Go For a Natural High

Enough of all that serious stuff!  Though, I will say that I woke up this morning with the phrase "Invest in your life" running through my head like an infomercial.  What the heck?  What does it mean?  Where did it come from!?

But anyway, a few weeks ago we took Mr. Buckley to the lovely seaside town of Essaouira.  First road trips are always monumental and Buckley celebrated by rolling in all the fish yuck we found on the ground.
And yes, perhaps he even rolled in some bird yuck. 
Old portuguese fortress wall
I'm always shocked at how different one town is from another in Morocco. Essaouira is a hassle free beach bum kind of place with the freshest fish in Morocco (Don't tell the city of Safi I said that) and a Bob Marley-esq atmosphere. And I don't just say that because we were offered hashish as soon as we stepped onto the main square. It's just kind of...you know, groovy.  There aren't a lot of things to "see" - we spent our time walking around in the Medina, checking out shops, and tasting things that looked good. It is quite a dog friendly place and wherever we went, ere went our dog.
"The Maritime history of North Africa has always fascinated me"



Loosing Control

I discovered a few months ago that I'm a bit of a control freak.  We may have talked about this before, but who can remember?

When we moved to Morocco I became seriously obsessed with tracking and recording the many airlines that flew in and out of Casa.  Which airlines  flew to which European countries from Casablanca?  Marrakesh?  Which ones were cheapest?  Which left on Friday and returned Sunday night?  It got to the point where I couldn't go to sleep until I'd checked just one more flight, just one more website.  I don't remember the day it happened, but I was taking a moment to contemplate our latest overseas move and how we were coping or not coping and it occurred to me that my sudden loss of control over, well, almost everything in my entire life, had led me to become an obsessed flight checking list making lunatic.  But what kind of control was that really giving me?  I made a conscious effort to stop being a crazy face and I'm happy to say that I've almost kicked the habit entirely.  (Easyjet did stop their leg from Casa to Madrid which sucks, but helped me fight the urge to check it once a day...)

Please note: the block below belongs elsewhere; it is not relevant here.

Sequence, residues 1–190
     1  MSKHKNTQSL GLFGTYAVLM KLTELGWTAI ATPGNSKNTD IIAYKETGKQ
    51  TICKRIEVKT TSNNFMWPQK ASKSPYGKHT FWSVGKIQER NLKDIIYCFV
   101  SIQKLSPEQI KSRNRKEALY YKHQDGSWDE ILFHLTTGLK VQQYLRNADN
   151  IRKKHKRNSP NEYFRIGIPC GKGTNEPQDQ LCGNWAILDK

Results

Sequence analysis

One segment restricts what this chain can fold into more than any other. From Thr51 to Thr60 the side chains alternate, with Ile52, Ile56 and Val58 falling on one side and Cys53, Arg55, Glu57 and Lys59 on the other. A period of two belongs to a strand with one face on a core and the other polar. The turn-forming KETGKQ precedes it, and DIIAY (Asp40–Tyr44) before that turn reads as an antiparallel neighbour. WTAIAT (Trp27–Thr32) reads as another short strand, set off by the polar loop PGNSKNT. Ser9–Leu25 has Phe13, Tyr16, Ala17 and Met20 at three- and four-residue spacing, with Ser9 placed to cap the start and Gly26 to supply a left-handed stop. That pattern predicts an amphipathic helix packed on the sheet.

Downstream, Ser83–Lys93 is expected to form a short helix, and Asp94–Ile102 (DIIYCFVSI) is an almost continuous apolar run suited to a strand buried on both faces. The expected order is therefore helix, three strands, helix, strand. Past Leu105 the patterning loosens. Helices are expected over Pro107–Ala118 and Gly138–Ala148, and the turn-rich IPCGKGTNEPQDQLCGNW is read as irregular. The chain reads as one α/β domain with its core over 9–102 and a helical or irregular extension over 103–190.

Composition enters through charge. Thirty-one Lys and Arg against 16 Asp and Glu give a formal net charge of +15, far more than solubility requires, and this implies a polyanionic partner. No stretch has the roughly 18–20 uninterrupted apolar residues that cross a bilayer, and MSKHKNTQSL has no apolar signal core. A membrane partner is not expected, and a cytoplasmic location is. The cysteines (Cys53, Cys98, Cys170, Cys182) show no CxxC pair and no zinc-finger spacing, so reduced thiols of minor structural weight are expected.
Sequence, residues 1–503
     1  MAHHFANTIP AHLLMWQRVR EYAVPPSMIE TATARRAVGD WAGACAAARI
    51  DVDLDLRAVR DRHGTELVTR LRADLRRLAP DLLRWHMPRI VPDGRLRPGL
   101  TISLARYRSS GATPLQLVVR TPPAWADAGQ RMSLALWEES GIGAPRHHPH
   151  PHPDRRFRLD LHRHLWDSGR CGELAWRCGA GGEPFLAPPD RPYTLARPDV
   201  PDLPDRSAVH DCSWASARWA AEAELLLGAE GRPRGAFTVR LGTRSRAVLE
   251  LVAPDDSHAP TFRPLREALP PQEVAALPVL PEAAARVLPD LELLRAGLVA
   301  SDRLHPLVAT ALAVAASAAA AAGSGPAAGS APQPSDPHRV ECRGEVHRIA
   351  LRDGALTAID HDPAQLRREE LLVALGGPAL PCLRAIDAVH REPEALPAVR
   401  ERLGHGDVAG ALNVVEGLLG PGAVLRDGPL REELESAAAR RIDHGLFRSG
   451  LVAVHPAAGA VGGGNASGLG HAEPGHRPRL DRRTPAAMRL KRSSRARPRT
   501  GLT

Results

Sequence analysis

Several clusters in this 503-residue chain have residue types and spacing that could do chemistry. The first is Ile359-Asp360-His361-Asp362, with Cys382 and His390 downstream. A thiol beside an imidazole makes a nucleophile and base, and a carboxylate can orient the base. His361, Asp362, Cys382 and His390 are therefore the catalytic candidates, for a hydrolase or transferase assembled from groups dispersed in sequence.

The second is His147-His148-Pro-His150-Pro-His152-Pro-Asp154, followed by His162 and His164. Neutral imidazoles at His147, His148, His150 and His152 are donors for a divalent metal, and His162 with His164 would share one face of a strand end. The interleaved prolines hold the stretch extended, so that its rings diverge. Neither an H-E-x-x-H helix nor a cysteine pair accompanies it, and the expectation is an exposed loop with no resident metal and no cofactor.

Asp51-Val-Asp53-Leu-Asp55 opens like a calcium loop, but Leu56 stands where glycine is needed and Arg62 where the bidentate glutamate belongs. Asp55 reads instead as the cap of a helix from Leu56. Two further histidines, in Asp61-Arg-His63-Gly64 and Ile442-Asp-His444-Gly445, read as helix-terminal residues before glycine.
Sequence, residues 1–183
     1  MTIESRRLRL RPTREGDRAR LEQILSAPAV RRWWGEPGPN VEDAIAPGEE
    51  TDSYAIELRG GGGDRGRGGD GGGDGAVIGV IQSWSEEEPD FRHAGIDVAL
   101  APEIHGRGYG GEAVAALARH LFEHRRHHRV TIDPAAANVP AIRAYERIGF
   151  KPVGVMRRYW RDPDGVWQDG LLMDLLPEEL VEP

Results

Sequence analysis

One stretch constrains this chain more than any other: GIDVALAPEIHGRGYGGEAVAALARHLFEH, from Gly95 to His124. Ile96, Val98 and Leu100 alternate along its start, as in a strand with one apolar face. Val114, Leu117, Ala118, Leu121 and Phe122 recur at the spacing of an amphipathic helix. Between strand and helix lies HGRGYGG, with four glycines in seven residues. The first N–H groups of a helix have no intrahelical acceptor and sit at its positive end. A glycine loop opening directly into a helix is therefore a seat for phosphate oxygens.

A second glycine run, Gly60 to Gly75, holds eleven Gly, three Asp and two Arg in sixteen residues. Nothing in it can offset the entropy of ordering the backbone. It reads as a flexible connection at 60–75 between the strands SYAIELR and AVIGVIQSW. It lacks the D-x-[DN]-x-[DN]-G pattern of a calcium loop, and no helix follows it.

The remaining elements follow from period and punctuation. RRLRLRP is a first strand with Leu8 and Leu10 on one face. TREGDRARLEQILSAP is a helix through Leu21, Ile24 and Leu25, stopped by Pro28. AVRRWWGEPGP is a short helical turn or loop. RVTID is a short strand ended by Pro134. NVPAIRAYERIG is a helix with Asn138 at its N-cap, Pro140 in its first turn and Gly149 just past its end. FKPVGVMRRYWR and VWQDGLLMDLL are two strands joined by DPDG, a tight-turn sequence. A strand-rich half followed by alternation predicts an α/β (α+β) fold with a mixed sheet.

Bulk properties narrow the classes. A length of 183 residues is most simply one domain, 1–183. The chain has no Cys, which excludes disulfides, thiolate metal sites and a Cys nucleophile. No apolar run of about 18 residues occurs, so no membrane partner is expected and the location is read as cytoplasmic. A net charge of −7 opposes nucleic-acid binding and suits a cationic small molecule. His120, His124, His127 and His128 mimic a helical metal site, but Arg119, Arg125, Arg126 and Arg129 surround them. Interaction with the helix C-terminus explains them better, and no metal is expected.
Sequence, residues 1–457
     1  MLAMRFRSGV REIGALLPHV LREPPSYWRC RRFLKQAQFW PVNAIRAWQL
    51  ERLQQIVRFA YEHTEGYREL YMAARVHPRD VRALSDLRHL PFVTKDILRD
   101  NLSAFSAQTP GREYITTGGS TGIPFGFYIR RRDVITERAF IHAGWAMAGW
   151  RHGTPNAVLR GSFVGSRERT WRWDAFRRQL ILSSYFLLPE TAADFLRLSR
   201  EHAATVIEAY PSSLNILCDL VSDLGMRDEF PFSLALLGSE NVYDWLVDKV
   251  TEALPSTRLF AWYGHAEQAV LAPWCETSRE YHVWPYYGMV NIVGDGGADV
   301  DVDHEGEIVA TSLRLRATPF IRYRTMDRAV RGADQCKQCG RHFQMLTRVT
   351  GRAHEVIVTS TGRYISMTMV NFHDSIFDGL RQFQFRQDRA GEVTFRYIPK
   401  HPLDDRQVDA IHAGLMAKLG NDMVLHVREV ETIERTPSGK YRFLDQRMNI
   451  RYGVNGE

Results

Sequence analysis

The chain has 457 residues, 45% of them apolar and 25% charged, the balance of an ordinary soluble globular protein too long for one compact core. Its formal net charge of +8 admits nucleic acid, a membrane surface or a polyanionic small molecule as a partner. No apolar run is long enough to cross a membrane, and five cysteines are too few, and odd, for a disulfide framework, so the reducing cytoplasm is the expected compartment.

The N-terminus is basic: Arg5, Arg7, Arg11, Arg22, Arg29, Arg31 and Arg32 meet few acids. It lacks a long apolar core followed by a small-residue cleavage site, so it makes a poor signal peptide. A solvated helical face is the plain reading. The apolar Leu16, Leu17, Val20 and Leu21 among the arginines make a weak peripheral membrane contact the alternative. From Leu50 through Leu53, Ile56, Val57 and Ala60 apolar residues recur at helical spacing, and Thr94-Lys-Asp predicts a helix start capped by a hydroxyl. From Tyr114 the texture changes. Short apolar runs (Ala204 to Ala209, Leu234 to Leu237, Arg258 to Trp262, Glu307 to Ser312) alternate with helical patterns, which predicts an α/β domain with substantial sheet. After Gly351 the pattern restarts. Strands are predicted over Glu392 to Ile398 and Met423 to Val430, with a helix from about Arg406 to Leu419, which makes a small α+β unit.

Living abroad means that you loose control over a lot of things - especially in less developed countries.  Grocery lists and carefully planned menus?  Forget about it.  You'll bring home what the grocery store decides to sell that day.  Accurately planning how much time it will take you to get across town?  Nope.  You'll be lucky if you're within 60 minutes of what you thought it would take.  Want to make friends with your neighbors?  Ah, but they speak Arabic and you've only learned the names of the letters of the alphabet.*  The myriad of different customs encountered while living in another country require people to completely re-think the way they do almost everything.  Dinner out on the town before 8:00?  Not in Casablanca.  Being in the Foreign Service comes with an additional set of control related challenges.  At least in the beginning, many people do not have much input as to where they serve or where they live.  Driving personal vehicles is not allowed at some posts and many times the nature of the job requires officers and their family to behave differently in the community than perhaps a student or someone working for a private company would.  (And boy have we felt that one!)

So you do things like get an international flight tracking addiction.

But it's good to have the illusion of control stripped from you.  That's what it is anyway.  We trick ourselves that we are completely in control because we craft carefully written grocery lists and come home with exactly what we wanted or we slap together swimming and then shopping and then painting and then yoga and then dinner and then family time back to back to back each day without a sliver of daylight in between  - but we've chosen it and so we must be in control of our lives, right?  But then you move away and all of the ways to spend your time, the things you had to choose from go away.  I can't pick up the latest adult education program from my local community college and plan my Thursday nights for the coming months.  I can't even rely on the shop around the corner to stay open from one day to the next.   And so I get to focus on the things that I actually can control - the things that really matter.  The atmosphere inside my home, the effort I put into my marriage, the order of my mind and the health of my body.  Without any of the familiar cultural markers I find at home I'm both more powerless and much more in control of my life.  It's a strange pardox that I really enjoy about living overseas.

So it's good.

But then it's bad.  Like when your doctor, who is very technically skilled but interpersonally challenged, tells you first that you might have a serious problem after doing an invasive procedure, but doesn't write it down and tells you weeks later that he doesn't know what you are talking about.

But we are trying to to be calm about that, aren't we Brooke?  ...and not revert to flight tracking, it's  a dirty habit.  I'll keep everyone posted as to whether or not I use the only French swear word I know when I see him next week.  (But I probably should learn some more in preparation, huh?)

*I'm actually a bit farther than that in my Arabic studies - very exciting! There are ways to take back control of your life overseas!